Big Data, the Internet of Things, and Extracting Insights that Create Value

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There’s no end in sight to the growth of connected devices (also known as the Internet of Things, or IoT) and this expansion can have a big impact on your business. For example, sensors can track data on shopper behavior in stores to maximize revenue or monitor manufacturing processes to ensure quality. Companies that can pull and process data from these devices to gain meaningful insights will have a distinct competitive advantage. How significant is this growth in IoT? By 2018, Forrester forecasts that connected devices (like connected cars, utility meters, etc.) will outnumber cellphones and increase from less than 5 billion in 2015 to almost 16 billion by 2021.1 Yet while the focus on IoT tends to be all about connected devices, the data they produce is much more valuable. In fact, again, according to Forrester, by 2025, IoT is expected to deliver a potential impact of at least $3.9 trillion.2 Yes, that’s $3.9 TRILLION.

Enter Hadoop
Forrester describes how Hadoop plays an important and growing role in extracting insight from IoT. They also explain how solutions for processing and obtaining insight from data streaming and connected devices provide much greater opportunities for business. Control-M for Hadoop from BMC, for example, automates and accelerates Hadoop data workflows to reduce costs and speed service delivery. Since IoT is expanding at such a rapid pace, being able to deliver data on-time, every time between business critical applications will help to drive business success.

Unlock the Value of IoT
Forrester highlighted some examples of how companies are delivering value by providing timely analysis of data as it streams from remote sensors. This includes:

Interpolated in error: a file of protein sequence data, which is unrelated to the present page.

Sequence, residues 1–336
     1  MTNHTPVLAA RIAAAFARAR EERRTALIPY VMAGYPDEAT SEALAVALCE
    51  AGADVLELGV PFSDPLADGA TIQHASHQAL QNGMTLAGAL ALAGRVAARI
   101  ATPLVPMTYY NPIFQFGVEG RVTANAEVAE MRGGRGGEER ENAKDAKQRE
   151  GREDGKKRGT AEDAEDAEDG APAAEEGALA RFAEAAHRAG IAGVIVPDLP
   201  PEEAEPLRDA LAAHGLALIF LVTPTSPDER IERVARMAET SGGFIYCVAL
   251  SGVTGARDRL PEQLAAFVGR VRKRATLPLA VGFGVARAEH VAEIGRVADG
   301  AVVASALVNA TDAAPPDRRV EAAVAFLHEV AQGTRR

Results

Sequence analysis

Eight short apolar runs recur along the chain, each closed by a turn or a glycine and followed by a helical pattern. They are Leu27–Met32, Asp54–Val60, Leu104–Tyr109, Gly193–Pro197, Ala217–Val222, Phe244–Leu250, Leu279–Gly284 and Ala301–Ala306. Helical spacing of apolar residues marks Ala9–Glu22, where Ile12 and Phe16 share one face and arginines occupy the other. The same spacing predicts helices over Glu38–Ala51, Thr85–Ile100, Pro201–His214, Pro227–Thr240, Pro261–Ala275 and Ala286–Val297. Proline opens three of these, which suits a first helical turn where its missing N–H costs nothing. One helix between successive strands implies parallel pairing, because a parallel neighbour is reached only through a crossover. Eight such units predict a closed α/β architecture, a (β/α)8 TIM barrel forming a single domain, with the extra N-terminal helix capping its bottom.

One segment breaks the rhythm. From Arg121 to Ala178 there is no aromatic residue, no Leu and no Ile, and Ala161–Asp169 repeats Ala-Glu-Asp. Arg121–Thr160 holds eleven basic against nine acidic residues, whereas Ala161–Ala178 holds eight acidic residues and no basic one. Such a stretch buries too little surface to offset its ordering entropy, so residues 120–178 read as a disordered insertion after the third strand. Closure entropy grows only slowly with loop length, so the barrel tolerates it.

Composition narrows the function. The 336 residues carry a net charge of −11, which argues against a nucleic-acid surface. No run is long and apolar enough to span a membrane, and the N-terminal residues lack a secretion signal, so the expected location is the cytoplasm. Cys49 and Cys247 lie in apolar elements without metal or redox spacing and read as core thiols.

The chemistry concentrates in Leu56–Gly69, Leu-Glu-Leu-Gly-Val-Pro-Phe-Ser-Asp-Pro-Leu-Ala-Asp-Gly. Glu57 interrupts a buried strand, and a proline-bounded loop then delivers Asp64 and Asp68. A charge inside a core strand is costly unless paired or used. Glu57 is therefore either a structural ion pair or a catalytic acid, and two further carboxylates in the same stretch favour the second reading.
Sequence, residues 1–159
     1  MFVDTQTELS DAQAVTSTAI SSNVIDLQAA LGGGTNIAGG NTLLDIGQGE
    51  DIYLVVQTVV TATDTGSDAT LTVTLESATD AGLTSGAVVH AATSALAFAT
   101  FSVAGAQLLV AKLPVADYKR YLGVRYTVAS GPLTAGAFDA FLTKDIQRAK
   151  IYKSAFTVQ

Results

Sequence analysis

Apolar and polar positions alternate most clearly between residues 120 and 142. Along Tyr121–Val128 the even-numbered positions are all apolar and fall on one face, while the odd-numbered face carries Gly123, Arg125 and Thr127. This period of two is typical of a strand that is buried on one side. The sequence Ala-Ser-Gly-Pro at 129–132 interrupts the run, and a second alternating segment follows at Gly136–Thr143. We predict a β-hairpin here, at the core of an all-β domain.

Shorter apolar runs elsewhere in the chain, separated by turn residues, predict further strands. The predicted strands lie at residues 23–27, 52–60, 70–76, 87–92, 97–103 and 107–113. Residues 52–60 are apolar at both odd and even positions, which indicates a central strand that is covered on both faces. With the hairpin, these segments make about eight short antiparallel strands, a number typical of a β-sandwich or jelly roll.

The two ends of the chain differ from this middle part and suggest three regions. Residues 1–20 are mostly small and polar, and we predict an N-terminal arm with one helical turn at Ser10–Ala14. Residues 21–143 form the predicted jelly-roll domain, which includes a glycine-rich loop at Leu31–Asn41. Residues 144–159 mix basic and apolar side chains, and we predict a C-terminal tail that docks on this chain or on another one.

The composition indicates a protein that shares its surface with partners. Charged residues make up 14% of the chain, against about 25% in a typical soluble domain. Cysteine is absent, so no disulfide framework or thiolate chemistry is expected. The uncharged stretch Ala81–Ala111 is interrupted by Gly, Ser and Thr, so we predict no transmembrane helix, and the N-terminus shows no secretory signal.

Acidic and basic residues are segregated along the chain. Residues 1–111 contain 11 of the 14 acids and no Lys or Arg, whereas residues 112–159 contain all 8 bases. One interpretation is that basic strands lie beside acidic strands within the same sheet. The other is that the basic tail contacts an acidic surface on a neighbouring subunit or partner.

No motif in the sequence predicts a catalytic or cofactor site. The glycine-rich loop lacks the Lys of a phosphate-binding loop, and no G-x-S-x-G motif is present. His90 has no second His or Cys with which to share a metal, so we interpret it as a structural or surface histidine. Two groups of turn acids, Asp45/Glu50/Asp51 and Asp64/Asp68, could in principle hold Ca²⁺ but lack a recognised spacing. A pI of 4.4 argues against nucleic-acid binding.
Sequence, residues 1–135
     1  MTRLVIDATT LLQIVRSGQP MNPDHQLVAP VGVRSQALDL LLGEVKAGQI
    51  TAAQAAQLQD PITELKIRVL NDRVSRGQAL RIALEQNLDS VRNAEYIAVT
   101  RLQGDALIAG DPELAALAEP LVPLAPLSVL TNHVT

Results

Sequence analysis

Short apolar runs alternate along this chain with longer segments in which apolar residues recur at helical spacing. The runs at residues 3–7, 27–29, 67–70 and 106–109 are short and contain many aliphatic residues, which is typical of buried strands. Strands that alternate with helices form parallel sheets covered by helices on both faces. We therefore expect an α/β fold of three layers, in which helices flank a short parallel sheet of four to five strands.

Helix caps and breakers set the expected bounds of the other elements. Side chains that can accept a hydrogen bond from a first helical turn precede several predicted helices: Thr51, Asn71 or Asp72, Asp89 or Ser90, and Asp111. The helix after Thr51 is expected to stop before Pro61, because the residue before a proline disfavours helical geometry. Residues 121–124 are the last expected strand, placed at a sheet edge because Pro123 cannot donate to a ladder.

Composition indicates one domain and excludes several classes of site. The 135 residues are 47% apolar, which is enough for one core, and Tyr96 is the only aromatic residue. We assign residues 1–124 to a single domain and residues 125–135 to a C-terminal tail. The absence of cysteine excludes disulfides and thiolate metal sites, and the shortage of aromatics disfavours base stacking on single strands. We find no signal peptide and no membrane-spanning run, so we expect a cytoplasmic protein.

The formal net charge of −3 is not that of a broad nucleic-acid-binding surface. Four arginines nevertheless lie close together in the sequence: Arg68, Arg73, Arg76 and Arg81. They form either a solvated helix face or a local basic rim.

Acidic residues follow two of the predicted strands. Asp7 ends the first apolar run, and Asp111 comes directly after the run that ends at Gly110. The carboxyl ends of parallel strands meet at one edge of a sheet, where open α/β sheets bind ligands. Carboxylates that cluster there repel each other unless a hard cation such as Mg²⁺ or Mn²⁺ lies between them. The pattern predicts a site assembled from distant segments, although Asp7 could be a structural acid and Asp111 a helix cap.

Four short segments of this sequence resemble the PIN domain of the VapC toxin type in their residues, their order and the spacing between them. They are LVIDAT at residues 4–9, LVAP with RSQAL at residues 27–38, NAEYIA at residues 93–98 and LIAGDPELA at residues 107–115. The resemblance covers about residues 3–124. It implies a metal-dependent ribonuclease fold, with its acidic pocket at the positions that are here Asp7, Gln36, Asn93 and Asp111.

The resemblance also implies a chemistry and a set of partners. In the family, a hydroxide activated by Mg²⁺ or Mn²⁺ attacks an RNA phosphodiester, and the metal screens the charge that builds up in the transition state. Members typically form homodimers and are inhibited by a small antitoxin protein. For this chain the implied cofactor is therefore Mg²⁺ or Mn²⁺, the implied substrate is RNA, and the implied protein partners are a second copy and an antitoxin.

• Finding a better way to integrate car charging into renewable energy grids based on more effective weather prediction and communication flows within the power grid to predict and manage energy requirements more effectively.
  • Improving the diagnosis and treatment of asthma with connected devices to understand and devise devices that are better able to survey the environments in which they will be used.
  • Moving from monthly utility consumption reports to real-time dashboards in smart homes that will ultimately deliver real-time insight to millions of customers.

How to Transform Business with Insights from the IoT
What do organizations need to do to reap the benefits of IoT? They need systems that provide insight into customer content and behavior focused on the data within IoT, which should be extracted cost effectively and analyzed rapidly and effectively. Without the capability to process Hadoop workloads in motion quickly and cost effectively, there is a wasted opportunity to create meaningful competitive advantage. That’s why it’s important to consider how enterprise workload automation can automate and accelerate Hadoop batch workflows to capture greater competitive value from this data.  Get more details in this brief from Forrester: Brief: Streaming Data from the Internet of Things Will be the Big Data World’s Bigger Second Act.

1 Forrester, Brief: Streaming Data From The Internet Of Things Will Be The Big Data World’s Bigger Second Act, July 5, 2016. 2 Ibid.

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These postings are my own and do not necessarily represent BMC's position, strategies, or opinion.

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Criss Scruggs

Criss Scruggs

With more than 17 years in technology product marketing and management, Criss Scruggs currently drives solutions marketing for Workload Automation including Big Data and DevOps initiatives at BMC. Additional areas of focus over the past few years at BMC included IT Service Management, IT Asset Management, and Mobile Device Management at BMC. Prior to BMC, Scruggs spent several years with other IT organizations focused on Systems and Applications Performance Management, VMware Management, and VoIP/Unified Communications Management businesses. Scruggs holds a master of business administration degree from The Jones Graduate School of Management, Rice University and a bachelor of arts degree in advertising from the University of Oklahoma.